It depends what kind of data journalist you want to be. If you’re mainly interested in breaking stories, then getting acquainted with how to get unexplored data via Freedom of Information requests might be a good idea. If you’re more interested in interactives and visualisations then learning to code can’t hurt: access to good developers is always a bottleneck for journalists, so being able to do at least some of the coding yourself is a huge advantage. Try getting started with a free HTML, CSS and JavaScript course at Codecademy.kilnit logo

Do you need to be a data scientist to work in data-driven journalism? Interview with’s Beatrice Schofield

Beatrice Schofield interview head of data intelligence import io


Do you need to be a data scientist to work in data journalism? What is the difference between data analysis and data science? Beatrice Schofield, Head of Data Intelligence at debunks the data science myth.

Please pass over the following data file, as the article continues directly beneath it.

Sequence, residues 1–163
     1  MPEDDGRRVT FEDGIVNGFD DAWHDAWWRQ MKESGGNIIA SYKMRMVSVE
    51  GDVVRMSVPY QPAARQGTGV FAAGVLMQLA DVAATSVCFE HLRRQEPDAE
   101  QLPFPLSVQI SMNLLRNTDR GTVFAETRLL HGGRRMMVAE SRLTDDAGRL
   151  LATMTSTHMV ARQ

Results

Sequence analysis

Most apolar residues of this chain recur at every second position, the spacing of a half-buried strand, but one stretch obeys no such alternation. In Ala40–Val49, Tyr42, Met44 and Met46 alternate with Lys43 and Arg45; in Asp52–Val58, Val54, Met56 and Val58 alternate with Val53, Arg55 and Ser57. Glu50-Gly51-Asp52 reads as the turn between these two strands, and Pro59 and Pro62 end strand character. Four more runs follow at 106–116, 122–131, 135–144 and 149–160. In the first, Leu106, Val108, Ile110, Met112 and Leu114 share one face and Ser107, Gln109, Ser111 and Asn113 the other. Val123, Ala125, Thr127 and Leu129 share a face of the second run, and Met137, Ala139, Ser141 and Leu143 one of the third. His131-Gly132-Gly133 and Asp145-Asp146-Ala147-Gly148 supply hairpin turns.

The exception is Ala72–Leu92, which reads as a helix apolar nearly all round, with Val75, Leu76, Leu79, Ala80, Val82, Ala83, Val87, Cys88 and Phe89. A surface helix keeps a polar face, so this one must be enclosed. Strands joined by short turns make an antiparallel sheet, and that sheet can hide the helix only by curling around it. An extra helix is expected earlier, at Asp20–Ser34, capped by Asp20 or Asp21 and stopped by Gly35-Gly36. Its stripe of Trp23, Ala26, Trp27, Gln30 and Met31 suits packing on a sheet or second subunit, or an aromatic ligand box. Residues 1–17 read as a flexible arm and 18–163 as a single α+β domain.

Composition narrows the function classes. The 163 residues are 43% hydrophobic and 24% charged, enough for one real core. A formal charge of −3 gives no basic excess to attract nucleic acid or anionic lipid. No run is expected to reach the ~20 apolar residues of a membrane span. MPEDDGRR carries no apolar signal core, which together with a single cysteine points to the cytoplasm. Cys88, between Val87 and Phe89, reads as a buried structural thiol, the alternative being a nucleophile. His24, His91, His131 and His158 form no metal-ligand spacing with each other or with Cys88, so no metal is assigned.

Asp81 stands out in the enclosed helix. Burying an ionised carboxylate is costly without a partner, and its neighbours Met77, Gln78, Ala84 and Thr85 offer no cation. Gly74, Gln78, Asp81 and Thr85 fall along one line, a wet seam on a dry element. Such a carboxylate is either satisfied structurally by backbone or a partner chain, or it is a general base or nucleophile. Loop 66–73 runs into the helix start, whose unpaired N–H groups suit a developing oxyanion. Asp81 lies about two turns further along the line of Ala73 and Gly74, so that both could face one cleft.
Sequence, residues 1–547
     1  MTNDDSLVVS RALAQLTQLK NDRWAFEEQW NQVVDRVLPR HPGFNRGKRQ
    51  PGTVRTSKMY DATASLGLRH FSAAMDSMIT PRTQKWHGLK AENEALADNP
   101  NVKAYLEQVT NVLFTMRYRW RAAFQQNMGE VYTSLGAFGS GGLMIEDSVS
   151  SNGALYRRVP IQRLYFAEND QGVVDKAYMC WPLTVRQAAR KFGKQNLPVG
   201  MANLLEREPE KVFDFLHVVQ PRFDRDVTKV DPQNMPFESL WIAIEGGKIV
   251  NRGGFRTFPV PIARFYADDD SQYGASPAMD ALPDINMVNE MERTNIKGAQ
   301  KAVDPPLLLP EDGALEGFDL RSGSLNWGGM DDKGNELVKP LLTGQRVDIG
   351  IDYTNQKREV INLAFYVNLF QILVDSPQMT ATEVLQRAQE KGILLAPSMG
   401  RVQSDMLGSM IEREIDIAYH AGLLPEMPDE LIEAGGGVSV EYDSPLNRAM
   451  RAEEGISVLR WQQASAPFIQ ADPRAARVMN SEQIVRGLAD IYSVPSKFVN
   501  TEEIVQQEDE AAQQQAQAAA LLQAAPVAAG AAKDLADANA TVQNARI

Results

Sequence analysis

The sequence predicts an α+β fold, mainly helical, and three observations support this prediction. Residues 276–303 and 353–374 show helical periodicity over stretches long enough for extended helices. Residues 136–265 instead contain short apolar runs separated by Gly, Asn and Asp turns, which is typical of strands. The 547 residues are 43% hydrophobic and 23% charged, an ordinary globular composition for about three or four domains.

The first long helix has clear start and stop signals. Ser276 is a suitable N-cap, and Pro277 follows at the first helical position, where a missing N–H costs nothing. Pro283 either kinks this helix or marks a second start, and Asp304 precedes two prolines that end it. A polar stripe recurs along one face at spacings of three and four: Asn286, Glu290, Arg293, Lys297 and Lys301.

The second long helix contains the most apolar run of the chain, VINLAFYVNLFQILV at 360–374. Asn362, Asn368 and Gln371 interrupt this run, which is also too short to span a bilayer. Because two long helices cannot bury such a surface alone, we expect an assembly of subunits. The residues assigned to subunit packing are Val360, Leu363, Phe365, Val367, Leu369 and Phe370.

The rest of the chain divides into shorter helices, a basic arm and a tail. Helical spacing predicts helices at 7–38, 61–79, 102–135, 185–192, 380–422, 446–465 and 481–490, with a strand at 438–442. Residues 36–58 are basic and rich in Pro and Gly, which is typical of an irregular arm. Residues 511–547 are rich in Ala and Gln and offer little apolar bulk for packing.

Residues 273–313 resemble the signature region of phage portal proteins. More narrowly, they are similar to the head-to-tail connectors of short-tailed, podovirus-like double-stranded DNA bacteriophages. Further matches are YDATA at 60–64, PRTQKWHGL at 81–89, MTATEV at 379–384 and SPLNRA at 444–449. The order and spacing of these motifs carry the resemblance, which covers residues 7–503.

What does your job as Head of Data Intelligence at consist in?

On a day to day basis I think about new things we can do with data and how to engage new areas whereby people who are not technically trained can start using open data for their fields of research. I also work on news cases by approaching NGOs and data journalists with ideas for stories with data sets. A lot of it is content-driven. It is exploring open data, how to better use it, extract it from sites and build data sets – much of it has traditionally been the realm of people who can programme. I make sure we get the data and give it to people who would be interested to use it but have previously been unable to because they are lack this skill and are not data scientists.

Do you approach journalists or media organisations?